SAG-AFTRA Leaders Ramp Up Rhetoric Against Studio Bosses, Accuse Them Of “Behaving Like Petty Tyrants”

SAG-AFTRA Leaders Ramp Up Rhetoric Against Studio Bosses, Accuse Them Of “Behaving Like Petty Tyrants”

September 16, 2023

With the actors’ strike now in its 63rd day, SAG-AFTRA leaders are ramping up their rhetoric against the studio heads, accusing them in the latest issue of the SAG-AFTRA Magazine of “behaving like petty tyrants,” “would-be feudal lords” and “land barons in feudal times.”

Contract talks broke off July 13 after more than four weeks of bargaining, and the strike began the next day. Since then, the two sides haven’t met despite repeated calls by SAG-AFTRA leaders for a resumption of negotiations that have gone unheeded by the Alliance of Motion Picture and Television Producers.

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“Right now, the AMPTP is refusing to negotiate with us,” SAG-AFTRA president Fran Drescher writes in the magazine. “They are punishing us for exercising our legal right to strike…They are not land barons in feudal times, and we are not their serfs. How dare they think we are less than an enemy camp they need to step on in their insatiable appetite for greed?”

Click for the latest SAG-AFTRA Magazine issue.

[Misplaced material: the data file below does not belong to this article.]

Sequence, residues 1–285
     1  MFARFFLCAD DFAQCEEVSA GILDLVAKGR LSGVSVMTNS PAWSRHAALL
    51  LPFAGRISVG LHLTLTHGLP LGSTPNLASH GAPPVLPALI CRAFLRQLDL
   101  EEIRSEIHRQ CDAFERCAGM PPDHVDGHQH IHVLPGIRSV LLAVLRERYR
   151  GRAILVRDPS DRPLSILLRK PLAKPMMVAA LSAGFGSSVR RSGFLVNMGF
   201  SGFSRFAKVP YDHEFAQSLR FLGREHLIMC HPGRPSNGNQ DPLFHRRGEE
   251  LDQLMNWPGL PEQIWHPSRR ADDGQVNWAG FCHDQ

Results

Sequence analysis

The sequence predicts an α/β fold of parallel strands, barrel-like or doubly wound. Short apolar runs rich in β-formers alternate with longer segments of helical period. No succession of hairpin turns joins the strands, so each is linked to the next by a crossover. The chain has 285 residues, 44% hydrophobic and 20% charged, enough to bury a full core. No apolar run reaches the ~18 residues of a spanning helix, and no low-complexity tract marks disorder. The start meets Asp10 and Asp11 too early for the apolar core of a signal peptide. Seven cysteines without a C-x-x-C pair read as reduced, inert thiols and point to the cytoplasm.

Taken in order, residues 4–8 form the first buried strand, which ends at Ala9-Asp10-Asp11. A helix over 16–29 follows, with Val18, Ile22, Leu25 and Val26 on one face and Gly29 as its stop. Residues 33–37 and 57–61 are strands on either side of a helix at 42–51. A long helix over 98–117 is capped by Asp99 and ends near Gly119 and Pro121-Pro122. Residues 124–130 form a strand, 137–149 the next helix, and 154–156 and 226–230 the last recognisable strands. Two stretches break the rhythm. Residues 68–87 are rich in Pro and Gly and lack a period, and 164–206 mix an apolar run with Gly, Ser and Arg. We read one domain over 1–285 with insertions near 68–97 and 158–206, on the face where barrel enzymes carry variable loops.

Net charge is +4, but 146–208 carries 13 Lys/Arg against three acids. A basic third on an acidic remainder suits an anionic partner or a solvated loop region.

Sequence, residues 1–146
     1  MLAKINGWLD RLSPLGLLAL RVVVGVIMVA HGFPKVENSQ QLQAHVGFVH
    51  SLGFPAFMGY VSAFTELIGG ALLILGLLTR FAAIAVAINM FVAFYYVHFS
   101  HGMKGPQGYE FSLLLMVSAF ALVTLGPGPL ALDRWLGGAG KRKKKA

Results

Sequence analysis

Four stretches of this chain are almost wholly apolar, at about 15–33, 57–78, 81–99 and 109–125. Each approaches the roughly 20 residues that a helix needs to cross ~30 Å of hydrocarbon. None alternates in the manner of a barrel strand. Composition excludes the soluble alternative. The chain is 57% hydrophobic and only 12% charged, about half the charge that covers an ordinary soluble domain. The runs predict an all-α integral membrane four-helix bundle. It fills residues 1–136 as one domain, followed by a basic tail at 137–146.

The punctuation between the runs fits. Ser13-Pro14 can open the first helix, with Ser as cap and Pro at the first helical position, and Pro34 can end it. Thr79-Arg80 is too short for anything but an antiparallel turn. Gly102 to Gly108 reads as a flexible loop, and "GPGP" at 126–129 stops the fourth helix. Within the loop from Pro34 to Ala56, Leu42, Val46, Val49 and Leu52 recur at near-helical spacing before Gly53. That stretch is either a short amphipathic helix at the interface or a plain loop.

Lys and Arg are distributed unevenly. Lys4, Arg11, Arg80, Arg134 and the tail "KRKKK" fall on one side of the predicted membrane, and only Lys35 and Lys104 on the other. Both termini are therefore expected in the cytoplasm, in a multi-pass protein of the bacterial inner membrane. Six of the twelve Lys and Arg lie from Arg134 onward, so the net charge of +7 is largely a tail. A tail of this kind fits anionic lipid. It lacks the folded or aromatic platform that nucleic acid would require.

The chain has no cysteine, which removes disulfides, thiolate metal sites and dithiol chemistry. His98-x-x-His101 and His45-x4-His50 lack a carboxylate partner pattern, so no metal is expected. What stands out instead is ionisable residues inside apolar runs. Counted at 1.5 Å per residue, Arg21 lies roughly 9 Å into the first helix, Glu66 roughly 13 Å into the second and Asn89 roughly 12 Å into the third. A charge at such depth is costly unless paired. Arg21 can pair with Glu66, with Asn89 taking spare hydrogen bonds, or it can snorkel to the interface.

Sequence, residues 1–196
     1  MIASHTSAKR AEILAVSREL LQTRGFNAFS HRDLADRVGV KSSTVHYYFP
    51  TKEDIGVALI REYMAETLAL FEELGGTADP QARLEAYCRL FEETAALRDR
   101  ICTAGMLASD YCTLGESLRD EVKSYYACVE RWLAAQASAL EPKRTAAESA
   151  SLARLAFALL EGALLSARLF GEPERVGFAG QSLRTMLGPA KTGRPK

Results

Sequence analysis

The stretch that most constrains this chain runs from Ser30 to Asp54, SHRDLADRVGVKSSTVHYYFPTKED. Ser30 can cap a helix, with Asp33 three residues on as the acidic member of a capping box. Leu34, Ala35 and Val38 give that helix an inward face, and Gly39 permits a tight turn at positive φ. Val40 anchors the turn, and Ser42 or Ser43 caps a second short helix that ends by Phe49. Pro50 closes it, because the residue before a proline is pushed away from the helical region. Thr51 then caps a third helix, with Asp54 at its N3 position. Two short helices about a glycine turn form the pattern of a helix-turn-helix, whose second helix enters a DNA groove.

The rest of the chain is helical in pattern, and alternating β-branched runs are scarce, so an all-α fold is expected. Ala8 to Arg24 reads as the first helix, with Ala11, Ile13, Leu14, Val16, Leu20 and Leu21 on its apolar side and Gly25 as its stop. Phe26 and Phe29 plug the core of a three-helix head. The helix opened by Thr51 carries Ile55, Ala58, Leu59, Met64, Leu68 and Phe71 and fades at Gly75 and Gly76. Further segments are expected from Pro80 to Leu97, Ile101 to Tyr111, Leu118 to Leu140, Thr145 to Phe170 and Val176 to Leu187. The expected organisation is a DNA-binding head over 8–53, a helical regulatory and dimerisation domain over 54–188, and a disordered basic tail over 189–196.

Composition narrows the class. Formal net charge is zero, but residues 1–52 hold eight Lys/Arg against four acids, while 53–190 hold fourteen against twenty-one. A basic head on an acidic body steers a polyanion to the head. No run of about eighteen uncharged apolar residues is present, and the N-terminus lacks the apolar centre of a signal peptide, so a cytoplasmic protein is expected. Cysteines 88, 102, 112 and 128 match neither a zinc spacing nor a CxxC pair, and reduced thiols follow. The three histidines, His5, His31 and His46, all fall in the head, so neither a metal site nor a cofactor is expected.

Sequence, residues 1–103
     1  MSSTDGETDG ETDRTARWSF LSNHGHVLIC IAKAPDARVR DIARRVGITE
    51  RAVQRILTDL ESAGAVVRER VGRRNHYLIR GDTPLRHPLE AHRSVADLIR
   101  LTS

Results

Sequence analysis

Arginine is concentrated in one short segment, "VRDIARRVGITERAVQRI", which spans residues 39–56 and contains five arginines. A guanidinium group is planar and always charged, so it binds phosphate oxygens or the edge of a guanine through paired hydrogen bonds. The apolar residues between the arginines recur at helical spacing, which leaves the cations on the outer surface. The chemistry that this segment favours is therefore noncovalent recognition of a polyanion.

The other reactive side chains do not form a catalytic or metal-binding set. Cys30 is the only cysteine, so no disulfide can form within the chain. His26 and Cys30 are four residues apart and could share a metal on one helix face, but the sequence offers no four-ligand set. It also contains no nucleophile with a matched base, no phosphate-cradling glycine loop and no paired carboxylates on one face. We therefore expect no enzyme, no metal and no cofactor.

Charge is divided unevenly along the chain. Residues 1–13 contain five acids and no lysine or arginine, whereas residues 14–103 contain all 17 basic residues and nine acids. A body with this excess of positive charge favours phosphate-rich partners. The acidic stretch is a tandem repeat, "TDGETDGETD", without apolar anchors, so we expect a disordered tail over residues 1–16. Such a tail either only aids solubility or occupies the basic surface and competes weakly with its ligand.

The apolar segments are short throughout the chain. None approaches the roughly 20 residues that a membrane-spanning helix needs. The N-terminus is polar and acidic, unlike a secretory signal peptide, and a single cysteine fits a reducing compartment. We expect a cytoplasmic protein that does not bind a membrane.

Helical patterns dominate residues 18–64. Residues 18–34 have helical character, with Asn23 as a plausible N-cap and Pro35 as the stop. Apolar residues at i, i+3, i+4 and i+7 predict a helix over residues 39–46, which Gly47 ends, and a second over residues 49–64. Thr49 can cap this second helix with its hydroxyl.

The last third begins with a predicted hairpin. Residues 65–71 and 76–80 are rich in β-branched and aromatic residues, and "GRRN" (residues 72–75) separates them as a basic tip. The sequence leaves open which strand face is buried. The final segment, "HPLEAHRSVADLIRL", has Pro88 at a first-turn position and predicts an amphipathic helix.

“The studios’ blatant disregard and downright contempt for the creative people who make the entertainment on which their empires are built is repugnant and offensive,” writes Duncan Crabtree-Ireland, the guild’s national executive director and chief negotiator. “From the dismissive statements to the press to the disrespect of members during the negotiating process to the now-infamous tree-trimming and ripping up of sidewalks in front of Universal Studios to make picketing harder and less safe, studio bosses have been behaving like petty tyrants rather than partners in creating great entertainment.”

“There’s so much more at stake in this strike than just our proposals to the AMPTP,” writes Ben Whitehair, the guild’s executive vice president. “It’s about whether workers should share in the fruits of their labor or be kicked to the curb with mere scraps begrudgingly handed out by would-be feudal lords.”

The Writers Guild, meanwhile, has been on strike since May 2, but had several days of bargaining with the AMPTP last month. The AMPTP made a counteroffer to the guild’s original demands on August 11, and the WGA offered counterproposals on August 15. On August 22, the AMPTP publicly released its unchanged offer from August 11, “ignoring the WGA’s August 15 counterproposal entirely,” the guild says.

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